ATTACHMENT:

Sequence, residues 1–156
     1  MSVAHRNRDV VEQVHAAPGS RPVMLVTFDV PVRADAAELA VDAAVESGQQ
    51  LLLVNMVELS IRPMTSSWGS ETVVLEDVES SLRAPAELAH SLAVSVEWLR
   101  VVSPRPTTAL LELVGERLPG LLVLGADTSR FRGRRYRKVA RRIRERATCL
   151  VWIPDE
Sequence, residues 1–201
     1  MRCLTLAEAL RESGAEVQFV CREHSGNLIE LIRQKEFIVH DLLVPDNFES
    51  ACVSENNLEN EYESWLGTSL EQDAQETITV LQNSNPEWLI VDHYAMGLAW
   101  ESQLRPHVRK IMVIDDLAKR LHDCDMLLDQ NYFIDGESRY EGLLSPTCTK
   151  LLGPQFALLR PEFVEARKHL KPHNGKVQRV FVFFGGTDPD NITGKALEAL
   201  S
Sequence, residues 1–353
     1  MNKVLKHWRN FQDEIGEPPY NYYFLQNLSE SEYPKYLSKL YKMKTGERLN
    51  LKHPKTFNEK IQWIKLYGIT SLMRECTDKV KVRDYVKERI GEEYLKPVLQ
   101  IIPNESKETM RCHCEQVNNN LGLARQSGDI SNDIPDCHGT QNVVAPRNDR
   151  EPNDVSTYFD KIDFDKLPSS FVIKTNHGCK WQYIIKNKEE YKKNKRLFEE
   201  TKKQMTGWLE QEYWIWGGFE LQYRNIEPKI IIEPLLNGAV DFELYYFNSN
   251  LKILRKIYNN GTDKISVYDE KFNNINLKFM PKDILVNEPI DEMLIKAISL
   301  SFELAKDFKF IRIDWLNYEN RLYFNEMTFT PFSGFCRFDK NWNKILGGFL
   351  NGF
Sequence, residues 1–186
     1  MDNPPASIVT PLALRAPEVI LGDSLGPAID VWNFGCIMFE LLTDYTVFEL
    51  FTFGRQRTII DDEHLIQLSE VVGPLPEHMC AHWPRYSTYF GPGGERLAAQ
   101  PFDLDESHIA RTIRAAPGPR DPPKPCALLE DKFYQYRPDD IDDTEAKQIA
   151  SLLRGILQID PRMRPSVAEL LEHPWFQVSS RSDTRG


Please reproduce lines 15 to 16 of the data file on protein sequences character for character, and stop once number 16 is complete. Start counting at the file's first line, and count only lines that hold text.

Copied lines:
   101  IIPNESKETM RCHCEQVNNN LGLARQSGDI SNDIPDCHGT QNVVAPRNDR
   151  EPNDVSTYFD KIDFDKLPSS FVIKTNHGCK WQYIIKNKEE YKKNKRLFEE